In this article, the publisher states: "I believe that alcoholics are unusually sensitive souls who just need a way to turn the volume down on all the things they see and hear. I have never once met a stupid or boring alcoholic – all of them are intelligent, bright-lights – especially after they get sober, but even before. Diamonds in the rough." This quote said by the publisher reminds me so much of Jeannette Walls because even though Jeanette knew her parents were different and her dad was an alcoholic, she still looked at her parents in awe. She loved her parents with all her heart and knew that they were very knowledgeable people who had so much to offer. She knew for a fact that her dads alcoholism did not define him, it never did. This publisher also states in the article that her father was a very caring man who would stop whatever he was doing to help someone out in need. This stood out to me so much because Rex Walls, the father of Jeannette, who was also an alcoholic matches this description perfectly. Even though he was an alcoholic, that doesn't mean that he was a cold hearted, stupid, or useless person. Rex Walls was actually a very very intelligent man who knew a lot about almost everything. He was always teaching his kids something new everyday, maybe not teaching them the way we would teach our kids, but the "Rex Walls" way. "Later that night, dad stopped the car out in the middle of the desert, and we slept under the stars. We had no pillows, but dad said that was part of his plan. He was teaching us to have good posture. The Indians didn't use pillows, either, he explained, and look how straight they stood. We did have our scratchy army-surplus blankets, so we spread them out and lay there, looking up at the field of stars. I told Lori how lucky we were to be sleeping out under the sky like Indians.

'We could live like this forever,' I said.

'I think we're going to,' she said." (Walls 18) This quote tells us that Rex Walls definitely thought differently than most people, but he had a lot of knowledge to fill his kids brains with. Knowledge that would actually be useful to them and knowledge that would help them realize what really matters in life.

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Alcohol Turns You into a Monster

Sophia's insight:

This article is related to The Glass Castle because Rex, the father, is an alcoholic. "In my mind, Dad was perfect, although he did have what Mom called a little bit of a drinking situation". (Walls 23) This article explains what alcohol is, what it does to your brain and body, and the effects and behavior that a human being develops after alcohol is in their system. Rex, who felt very guilty and stressed most of the time, avoided all of his and all of the families problems by drinking alcohol and using alcohol as his escape from reality. He often went on alcohol binges for days or even weeks, leaving his family with no support, money, food, or care. And when he did decide to come home for a little bit, (which was once in a blue moon) he came home and brought all of his anger, rage, and guilt with him. "But when dad pulled out a bottle of what mom called 'the hard stuff', she got kind of frantic, because after working on the bottle for a while, dad turned into an angry-eyed stranger who threw around furniture and threatened to beat up mom or anyone else who got on his way". (Walls 23).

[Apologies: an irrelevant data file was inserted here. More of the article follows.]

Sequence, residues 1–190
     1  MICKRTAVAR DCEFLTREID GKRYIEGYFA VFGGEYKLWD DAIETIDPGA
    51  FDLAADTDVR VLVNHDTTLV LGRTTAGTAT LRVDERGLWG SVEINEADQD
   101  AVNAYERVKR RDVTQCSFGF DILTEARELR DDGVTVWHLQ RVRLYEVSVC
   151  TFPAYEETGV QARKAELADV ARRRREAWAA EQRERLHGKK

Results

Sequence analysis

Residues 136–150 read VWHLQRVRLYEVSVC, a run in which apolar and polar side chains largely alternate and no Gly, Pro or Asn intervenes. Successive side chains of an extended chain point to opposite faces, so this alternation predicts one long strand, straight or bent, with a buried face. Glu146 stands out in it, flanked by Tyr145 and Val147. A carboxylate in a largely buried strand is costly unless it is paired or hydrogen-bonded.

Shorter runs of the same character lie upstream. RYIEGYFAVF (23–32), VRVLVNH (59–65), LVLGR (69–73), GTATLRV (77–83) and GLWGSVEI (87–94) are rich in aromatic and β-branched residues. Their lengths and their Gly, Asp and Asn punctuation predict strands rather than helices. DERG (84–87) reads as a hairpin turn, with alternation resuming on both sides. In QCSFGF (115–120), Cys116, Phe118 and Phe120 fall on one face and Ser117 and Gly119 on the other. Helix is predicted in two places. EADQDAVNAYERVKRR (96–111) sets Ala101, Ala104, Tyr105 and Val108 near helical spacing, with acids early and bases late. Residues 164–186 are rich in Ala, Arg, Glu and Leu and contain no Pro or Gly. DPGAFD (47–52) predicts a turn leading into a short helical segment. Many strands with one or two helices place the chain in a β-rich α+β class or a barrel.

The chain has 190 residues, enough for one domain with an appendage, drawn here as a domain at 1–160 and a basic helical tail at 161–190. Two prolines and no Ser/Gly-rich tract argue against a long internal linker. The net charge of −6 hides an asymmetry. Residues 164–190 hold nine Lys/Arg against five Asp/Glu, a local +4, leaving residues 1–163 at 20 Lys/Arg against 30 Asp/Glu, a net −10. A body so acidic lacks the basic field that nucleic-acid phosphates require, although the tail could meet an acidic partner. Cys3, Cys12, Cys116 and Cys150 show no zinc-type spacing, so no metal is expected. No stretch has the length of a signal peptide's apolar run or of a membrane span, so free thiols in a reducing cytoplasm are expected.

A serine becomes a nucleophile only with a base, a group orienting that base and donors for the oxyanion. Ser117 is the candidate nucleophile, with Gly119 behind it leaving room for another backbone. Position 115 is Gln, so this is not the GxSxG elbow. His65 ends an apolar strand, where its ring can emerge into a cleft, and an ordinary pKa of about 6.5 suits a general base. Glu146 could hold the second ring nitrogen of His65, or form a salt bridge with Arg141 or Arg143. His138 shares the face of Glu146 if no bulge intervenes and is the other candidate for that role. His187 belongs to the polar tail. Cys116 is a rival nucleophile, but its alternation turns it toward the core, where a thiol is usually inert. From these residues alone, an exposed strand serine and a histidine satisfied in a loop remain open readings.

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Change Me into Zeus's Daughter

Change Me into Zeus's Daughter | The Glass Castle - Independent Reading | Scoop.it
Change Me into Zeus's Daughter is a haunting and ultimately triumphant memoir about growing up poor and undaunted in the South. With an u...
Sophia's insight:

Barbara Robinette Moss lives deep down in the south in Red Clay Hills, Alabama with her chaotic, dysfunctional family, including her alcoholic father, bold, respectful mother, and her affectionate siblings. Barbara Robinette Moss's escape from all this commotion is art. She is so mesmerized and very fascinated with art that she believes she can change the appearance of her "mummy face" (from malnutrition and no medical care) to the beautiful, flawless face of the daughter of Zeus that she wishes for upon a starry night. Barbara Robinette Moss shares with us the many jubilant, tender, and amusing stories she and her family experiences on a daily basis and takes us through her journey of learning that someone's beauty is not just on the outside but on the inside too.

 

 

Change Me into Zeus's Daughter is like The Glass Castle because each book is narrated by one of the daughters. In Change Me into Zeus's Daughter; Barbara Robinette Moss lives with her alcoholic father, siblings, and her mother, just like Jeannette Walls. They both live in poverty stricken areas and they definitely do not live a wealthy lifestyle. Despite all the disorder, both Barbara Robinette Moss and Jeannette Walls try to find an escape from their crazy reality and try to make the best out of what they have. Barbara Robinette Moss's escape is art, while Jeanette's escape is exploring the outside world and learning new things on her own. Both girls definitely struggled accepting their lives, family, and looks at times “No one expected you to amount to much," she told me. "Lori was the smart one, Maureen the pretty one, and Brian the brave one. You never had much going for you except that you always worked hard.” (Walls 270) Both girls experienced things we could never even imagine going through which is what made them into the people they are today. Barbara Robinette Moss and Jeannette Walls both realize they're beautiful on the inside and out, no matter what anyone says, and they've both lived their life to the fullest, despite all the insanity that could have held them back to do so. “I wanted to let the world know that no one had a perfect life, that even the people who seemed to have it all had their secrets.” (Walls 270) When Jeannette said this, she meant that even if you do have everything you want, that doesn’t always mean you’re truly happy. Sometimes having to get through many struggles in your life is a good thing because it makes you stronger and makes you realize that it’s the little things in life that mean the most.